How is hyperthermia treated in cocaine toxicity?

Updated: Sep 01, 2018
  • Author: Lynn Barkley Burnett, MD, EdD, LLB(c); Chief Editor: Sage W Wiener, MD  more...
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Recognize and treat hyperthermia as a distinct entity. If psychostimulant-intoxicated patients do not die as a result of cardiac or cerebrovascular complications, the next most important steps in preventing further morbidity are control of hyperthermia and treatment of rhabdomyolysis. Assess the patient's core body temperature early in the evaluation and maintain a high index of suspicion for hyperthermia. In the setting of serious hyperthermia, continuously monitor the core body temperature.

Immersion of the patient in an ice bath is the best way to rapidly lower the body temperature in severe hyperthermia. Hyperthermia may also be treated with convection cooling, which involves spraying the patient's exposed body with tepid water as fans circulate air. Tepid water prevents maladaptive shivering that may be induced by conduction cooling methods, although ice packs, ice water gastric lavage, or cooling blankets may also be used. Direct efforts at reducing body temperature to 101ºF in 30-45 minutes.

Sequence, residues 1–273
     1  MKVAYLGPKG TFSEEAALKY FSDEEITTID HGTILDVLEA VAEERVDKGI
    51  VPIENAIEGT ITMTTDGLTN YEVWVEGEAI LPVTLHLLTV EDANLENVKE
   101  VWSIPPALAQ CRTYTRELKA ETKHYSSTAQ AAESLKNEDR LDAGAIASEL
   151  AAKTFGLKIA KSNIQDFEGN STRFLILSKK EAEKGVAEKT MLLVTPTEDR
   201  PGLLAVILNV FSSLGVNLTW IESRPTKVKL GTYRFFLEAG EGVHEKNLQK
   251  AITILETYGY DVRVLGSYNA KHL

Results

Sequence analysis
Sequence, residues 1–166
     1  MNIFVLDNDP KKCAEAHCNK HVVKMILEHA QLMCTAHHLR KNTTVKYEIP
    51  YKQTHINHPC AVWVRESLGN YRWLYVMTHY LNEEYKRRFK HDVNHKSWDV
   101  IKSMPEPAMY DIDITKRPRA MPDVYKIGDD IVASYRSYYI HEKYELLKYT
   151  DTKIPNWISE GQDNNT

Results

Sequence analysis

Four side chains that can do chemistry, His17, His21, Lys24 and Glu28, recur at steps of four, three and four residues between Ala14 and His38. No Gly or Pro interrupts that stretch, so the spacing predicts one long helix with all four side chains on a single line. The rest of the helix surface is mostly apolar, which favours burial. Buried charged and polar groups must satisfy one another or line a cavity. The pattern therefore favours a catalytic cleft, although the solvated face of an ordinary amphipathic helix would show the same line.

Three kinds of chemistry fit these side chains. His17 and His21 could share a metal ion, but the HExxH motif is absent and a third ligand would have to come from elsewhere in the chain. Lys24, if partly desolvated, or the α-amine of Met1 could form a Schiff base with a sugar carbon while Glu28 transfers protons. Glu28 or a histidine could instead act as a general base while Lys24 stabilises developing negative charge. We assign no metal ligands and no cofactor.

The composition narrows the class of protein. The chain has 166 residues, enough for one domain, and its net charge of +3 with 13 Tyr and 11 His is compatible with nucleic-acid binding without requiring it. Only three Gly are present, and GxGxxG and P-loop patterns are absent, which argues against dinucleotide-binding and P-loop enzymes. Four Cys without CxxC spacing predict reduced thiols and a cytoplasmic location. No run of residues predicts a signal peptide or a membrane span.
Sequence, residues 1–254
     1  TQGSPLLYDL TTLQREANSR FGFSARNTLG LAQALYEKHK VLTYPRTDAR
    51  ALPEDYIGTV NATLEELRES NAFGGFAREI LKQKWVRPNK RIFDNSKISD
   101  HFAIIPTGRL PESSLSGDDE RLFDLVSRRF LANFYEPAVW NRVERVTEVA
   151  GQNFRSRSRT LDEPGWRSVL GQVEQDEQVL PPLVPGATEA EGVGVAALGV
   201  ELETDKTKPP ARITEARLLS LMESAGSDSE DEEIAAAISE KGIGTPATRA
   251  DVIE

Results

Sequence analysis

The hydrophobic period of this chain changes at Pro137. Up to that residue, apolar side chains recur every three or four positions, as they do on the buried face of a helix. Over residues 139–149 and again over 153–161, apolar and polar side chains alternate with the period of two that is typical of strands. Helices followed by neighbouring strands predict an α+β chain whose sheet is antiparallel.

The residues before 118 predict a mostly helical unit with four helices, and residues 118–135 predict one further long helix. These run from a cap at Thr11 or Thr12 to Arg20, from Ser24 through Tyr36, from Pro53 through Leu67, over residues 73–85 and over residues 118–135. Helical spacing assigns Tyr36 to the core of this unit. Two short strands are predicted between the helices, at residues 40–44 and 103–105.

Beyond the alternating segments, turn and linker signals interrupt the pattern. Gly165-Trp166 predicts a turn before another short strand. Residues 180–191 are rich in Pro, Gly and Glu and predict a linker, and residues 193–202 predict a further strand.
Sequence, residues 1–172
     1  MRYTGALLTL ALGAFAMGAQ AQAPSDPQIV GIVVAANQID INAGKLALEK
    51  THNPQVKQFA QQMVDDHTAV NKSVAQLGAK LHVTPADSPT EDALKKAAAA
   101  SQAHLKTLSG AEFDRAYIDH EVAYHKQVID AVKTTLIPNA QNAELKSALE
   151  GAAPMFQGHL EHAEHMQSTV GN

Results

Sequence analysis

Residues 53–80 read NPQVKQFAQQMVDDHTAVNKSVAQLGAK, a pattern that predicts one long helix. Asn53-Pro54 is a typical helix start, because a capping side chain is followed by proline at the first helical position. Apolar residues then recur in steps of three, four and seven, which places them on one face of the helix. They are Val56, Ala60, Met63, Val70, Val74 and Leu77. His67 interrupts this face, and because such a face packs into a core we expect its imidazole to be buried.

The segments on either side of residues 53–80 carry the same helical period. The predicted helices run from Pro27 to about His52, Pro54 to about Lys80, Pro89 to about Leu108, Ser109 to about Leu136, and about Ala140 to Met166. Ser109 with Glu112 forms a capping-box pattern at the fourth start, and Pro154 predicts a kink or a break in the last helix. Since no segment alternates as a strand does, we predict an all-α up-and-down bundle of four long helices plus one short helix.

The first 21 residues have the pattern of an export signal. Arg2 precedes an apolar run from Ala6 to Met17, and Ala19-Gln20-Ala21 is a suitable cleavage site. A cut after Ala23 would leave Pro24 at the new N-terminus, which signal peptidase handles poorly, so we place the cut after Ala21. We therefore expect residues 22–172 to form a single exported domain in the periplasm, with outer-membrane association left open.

Do not use restraints (physical or pharmacologic) that interfere with dissolution of heat. If necessary, use light hand and foot restraints. Ensure adequacy of hydration and electrolytes. Benzodiazepines are an effective and safe pharmacologic restraint in these patients. Given parenterally, with the usual precautions, they rapidly calm hyperactive patients.

Do not administer phenothiazines. Goldfrank, Flomenbaum, Lewin, and Weisman apply this injunction to butyrophenones as well. [56] Contrary views are, however, expressed in the literature. Callaway and Clark maintain that concerns about the potentiation of drug-induced seizures by butyrophenone neuroleptics (eg, haloperidol) may be exaggerated because such drugs have less effect on human seizure threshold than phenothiazines, and they interfere less with sweat-mediated evaporative cooling in drug-induced hyperthermia. [19] Although Callaway and Clark believe that further studies are necessary to assess the efficacy of butyrophenones in the treatment of psychostimulant overdose, [19] Colucciello and Tomaszewski claim that haloperidol is effective in treating cocaine-related agitation and that no clinical data proscribe its use, theoretic concerns notwithstanding. [57]

Monitor patients with hyperthermia in the ED for several hours if they are not being admitted.

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